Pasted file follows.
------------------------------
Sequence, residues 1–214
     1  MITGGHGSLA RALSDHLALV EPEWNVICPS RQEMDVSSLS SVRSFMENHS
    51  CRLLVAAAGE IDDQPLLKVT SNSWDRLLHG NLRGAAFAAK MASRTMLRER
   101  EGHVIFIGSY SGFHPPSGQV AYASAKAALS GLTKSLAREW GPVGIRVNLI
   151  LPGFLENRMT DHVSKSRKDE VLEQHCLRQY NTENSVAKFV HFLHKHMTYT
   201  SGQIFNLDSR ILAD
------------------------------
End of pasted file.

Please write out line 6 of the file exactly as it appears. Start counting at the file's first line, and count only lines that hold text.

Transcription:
   201  SGQIFNLDSR ILAD